Tuesday, January 25, 2011

Cathedrals and a fan vault

click photo to enlarge
The cathedral that I was most familiar with in my younger years was York Minster. From my position of ignorance, I took it as the yardstick against which I measured others. As I came to realise in later years, this was very unfair. Its importance as the seat of one of England's two archbishoprics, its enormous size and wealth, and the setting among the medieval walls, churches, and streets of York, gave it an advantage that few could match. It was only after I moved to the East Riding of Yorkshire, became interested in church architecture, and travelled around England looking at other cathedrals that I realised this. But by then, my eye had been trained and my understanding enlarged, and the subtleties that I began to see in other buildings became as important as York's imposing magnificence.

If, today, I were to list the cathedrals (and I include minsters under that heading) that I like best, then I would have to say that my absolute favourite is the often overlooked Beverly Minster in the East Riding for its superb details but also for the uniformity of the nave. This was partly brought about by the conscious decision of medieval builders to carry on with an "outdated" style for the sake of continuity, a practice also followed at Westminster Abbey. Then I would list Durham and Lincoln for the high quality of their details from all periods, but especially for their high and very visible sites that show them off to great advantage, and yes, York for its majesty and the white stone that makes it look, in certain lights like a great ocean liner. Finally I would add Peterborough, a cathedral with which I wasn't very familiar until relatively recently, but one which displays the grandeur of the Norman to perfection in its nave, and has new interest and beauty to be discovered with each visit.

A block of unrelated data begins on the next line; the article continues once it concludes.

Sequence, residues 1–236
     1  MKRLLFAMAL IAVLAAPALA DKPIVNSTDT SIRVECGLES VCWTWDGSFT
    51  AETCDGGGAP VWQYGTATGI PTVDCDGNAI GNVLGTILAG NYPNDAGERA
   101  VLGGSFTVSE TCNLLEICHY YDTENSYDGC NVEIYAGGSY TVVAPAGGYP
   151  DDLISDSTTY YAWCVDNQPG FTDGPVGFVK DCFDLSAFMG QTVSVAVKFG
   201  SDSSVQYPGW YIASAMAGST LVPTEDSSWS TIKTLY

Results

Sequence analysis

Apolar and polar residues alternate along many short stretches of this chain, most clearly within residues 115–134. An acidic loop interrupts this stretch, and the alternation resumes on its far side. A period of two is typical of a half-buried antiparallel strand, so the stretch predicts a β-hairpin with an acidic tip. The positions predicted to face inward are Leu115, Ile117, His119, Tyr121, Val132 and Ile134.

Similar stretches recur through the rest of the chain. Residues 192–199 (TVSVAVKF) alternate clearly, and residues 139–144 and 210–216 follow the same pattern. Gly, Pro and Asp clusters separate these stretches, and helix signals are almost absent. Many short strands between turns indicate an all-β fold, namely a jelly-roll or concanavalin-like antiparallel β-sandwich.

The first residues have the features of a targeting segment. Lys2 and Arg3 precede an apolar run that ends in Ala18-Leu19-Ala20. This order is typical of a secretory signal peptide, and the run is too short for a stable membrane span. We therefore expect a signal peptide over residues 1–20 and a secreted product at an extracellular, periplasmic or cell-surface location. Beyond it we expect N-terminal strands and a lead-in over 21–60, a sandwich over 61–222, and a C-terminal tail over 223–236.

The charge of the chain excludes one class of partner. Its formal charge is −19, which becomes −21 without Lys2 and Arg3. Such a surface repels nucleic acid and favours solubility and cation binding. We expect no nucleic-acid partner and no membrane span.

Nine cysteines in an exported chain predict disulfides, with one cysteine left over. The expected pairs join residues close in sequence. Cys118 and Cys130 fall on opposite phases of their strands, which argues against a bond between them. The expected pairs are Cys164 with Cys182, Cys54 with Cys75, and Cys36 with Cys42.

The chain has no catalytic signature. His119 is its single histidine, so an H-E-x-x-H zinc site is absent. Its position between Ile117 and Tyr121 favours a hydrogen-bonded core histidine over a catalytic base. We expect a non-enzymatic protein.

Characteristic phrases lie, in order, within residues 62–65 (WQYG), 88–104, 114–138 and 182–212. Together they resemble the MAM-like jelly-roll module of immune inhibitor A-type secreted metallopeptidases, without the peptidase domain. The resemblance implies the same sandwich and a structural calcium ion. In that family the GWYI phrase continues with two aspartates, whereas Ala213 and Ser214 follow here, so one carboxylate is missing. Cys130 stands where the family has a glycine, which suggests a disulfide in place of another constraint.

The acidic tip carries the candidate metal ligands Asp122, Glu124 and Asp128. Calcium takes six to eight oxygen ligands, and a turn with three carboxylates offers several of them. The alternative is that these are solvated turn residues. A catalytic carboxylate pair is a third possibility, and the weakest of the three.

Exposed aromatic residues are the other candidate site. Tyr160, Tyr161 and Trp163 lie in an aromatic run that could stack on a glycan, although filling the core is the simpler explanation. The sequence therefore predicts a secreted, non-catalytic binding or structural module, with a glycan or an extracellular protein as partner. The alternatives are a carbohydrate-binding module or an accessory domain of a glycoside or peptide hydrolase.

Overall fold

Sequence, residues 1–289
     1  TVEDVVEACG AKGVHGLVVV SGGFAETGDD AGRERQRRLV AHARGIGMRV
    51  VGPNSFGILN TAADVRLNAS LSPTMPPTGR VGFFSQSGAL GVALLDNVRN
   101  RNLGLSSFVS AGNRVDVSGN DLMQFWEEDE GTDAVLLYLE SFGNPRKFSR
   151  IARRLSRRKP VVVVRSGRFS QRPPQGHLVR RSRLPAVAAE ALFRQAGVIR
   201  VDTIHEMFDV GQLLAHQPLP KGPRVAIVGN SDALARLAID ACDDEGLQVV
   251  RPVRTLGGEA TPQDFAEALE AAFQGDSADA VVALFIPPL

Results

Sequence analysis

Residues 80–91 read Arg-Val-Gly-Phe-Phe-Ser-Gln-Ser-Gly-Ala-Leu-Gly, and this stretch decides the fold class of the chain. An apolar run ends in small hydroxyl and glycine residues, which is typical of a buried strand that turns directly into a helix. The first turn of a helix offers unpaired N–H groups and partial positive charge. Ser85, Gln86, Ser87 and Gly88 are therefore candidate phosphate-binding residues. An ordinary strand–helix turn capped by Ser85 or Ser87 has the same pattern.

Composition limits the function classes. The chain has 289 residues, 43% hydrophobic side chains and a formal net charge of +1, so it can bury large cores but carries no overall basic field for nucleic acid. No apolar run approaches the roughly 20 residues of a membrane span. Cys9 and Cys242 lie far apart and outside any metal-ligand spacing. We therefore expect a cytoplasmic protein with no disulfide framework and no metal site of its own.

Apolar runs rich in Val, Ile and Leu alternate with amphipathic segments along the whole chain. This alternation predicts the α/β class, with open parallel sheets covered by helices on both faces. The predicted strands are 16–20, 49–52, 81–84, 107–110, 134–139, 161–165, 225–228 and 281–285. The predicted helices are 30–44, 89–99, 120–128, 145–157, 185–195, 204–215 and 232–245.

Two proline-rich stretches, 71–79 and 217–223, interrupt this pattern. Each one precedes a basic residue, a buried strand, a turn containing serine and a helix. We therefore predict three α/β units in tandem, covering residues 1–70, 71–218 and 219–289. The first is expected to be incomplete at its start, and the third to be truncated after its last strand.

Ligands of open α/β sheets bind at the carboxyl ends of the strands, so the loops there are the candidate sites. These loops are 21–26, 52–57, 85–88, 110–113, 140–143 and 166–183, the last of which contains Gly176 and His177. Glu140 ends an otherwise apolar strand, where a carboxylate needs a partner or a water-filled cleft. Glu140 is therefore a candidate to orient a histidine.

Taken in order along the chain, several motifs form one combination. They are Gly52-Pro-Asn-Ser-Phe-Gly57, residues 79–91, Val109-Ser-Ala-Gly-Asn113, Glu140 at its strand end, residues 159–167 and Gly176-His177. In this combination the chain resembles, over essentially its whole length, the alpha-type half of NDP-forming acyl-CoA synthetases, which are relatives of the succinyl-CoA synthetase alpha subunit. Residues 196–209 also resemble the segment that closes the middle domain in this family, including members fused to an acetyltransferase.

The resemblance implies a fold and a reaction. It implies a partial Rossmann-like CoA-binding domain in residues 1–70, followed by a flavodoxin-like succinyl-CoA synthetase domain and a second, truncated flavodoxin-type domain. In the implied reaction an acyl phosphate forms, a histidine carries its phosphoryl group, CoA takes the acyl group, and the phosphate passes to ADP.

Peterborough also has, in its retrochoir, some lovely fan vaulting dating from around 1500. Today's photograph of part of it was shot as an experiment with my relatively new camera. The 17-40mm lens that I used is not stabilised, so in order to achieve a realistic shutter speed the image was taken at 3200 ISO, a rating that a few years ago would have been unwise, and in the days of film virtually unthinkable. However, this combination handled the job quite well without recourse to a tripod. For  another shot of this vaulting, taken in better light with an Olympus DSLR at 800 ISO, see here.

photograph and text (c) T. Boughen

Camera: Canon
Mode: Aperture Priority
Focal Length: 17mm
F No: 7.1
Shutter Speed: 1/20
ISO: 3200
Exposure Compensation: -0.33 EV
Image Stabilisation: N/A